Litman:Trump’s candidacy complicates a potential criminal case against him, but it can’t protect him from a perjury charge in a trial
Maggie Haberman and Emily Guskin reported
The Justice Department’s Office of Professional Responsibility on Wednesday declined to recommend that the Senate Judiciary Committee open an investigation into the possible criminal prosecution of Trump adviser Roger Stone.
“After further review the Office of Professional Responsibility has determined that there is insufficient evidence to warrant an investigation…,” said Deputy Attorney General Rod Rosenstein in a letter to the committee.
The decision came after the Justice Department opened a criminal inquiry into whether Stone lied to Congress when he told a congressional committee in August that he was a participant in a secret back-channel communication between senior campaign officials and the Russian government. Stone is currently being prosecuted in a federal court in Washington, under seal, for allegedly lying during his testimony, but the Justice Department decision opens the door to possible charges against him.
The letter, sent to the committee on behalf of the OPR and the federal prosecutor for the District of Columbia, says the inquiry into Stone “is directed at his potential criminal liability only, and is not aimed at other possible civil or administrative actions that may be brought against him.”
The announcement comes after two days of testimony from Stone, an outspoken Trump acolyte and self-described “dirty trickster,” which he described as an investigation “on behalf of the American people.” Stone testified in a hearing he was asked to become a whistleblower after a Trump campaign member made contact with the Russian government through the WikiLeaks website.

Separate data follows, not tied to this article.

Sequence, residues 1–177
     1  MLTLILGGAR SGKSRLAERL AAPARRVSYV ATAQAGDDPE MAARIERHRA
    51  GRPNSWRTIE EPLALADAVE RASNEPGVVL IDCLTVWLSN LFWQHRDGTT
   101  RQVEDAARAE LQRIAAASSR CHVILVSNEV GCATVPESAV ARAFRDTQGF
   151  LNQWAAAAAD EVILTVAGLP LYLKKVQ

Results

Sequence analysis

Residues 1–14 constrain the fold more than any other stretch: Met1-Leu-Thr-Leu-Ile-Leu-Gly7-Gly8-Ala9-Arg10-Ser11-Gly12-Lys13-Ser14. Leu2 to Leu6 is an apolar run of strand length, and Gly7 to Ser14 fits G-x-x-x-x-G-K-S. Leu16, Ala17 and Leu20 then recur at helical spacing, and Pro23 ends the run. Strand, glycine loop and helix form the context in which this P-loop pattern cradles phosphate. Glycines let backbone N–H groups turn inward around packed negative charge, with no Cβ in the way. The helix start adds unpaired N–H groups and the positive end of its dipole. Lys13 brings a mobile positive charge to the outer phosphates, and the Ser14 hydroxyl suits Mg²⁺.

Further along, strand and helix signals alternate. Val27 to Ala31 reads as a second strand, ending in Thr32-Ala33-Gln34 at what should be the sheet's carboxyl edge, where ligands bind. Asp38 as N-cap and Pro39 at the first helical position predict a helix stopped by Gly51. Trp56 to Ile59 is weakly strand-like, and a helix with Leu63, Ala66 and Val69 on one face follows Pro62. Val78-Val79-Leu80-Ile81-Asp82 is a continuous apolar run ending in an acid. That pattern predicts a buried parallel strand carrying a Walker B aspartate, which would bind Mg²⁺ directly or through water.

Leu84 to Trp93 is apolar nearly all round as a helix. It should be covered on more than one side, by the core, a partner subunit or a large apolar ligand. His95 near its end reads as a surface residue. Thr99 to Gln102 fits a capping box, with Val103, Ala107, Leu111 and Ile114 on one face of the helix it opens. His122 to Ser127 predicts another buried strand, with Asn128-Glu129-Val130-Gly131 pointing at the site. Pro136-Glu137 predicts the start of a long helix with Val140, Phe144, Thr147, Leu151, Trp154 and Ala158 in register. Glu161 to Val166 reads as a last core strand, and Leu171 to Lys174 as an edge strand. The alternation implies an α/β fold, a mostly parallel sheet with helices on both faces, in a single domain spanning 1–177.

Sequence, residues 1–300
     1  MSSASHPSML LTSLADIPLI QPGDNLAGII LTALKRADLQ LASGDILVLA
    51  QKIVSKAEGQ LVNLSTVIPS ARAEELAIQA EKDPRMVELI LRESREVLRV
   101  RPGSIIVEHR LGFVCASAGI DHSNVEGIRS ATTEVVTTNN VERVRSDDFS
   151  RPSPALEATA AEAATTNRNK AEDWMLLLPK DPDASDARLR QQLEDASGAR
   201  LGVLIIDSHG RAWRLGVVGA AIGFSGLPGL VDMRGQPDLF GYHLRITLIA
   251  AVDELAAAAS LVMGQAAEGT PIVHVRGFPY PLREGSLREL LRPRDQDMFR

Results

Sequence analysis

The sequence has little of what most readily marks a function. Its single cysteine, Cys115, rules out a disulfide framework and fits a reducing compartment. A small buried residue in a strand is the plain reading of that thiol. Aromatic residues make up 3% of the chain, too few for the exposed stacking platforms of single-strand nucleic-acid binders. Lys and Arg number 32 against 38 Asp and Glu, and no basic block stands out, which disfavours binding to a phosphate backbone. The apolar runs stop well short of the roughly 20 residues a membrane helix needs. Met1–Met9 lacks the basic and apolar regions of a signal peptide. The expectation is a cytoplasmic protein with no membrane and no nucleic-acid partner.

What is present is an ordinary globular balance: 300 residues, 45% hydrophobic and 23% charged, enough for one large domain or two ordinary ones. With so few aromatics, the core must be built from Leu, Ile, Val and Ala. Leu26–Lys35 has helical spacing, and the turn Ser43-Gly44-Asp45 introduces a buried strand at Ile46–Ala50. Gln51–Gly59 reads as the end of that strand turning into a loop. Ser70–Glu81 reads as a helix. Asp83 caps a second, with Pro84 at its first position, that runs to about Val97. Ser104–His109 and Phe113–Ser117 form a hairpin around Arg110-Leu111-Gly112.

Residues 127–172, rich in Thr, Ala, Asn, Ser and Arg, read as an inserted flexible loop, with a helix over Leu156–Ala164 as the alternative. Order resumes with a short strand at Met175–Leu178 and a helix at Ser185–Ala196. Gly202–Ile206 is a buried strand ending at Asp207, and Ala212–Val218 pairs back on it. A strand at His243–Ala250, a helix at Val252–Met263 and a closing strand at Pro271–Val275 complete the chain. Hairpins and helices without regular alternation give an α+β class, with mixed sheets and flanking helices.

The OPR decision on the Stone investigation is the first time the Justice Department has made a decision not to investigate a sitting White House employee or a candidate for federal office. It also represents the first time a sitting administration official has been subject to an OPR inquiry.
Stone told senators on Wednesday he had made contact with the Trump campaign, which was being probed by special counsel Robert Mueller’s Russia investigation. But he acknowledged he never communicated with WikiLeaks and said that contact did not happen through the back-channel he was seeking to establish with the Russian government.
“It should surprise no one that on June 7, 2016, while I was speaking with Donald Trump, the candidate was saying I think he would win the popular vote and lose the election. I told him he had to get out of bed because he did not want to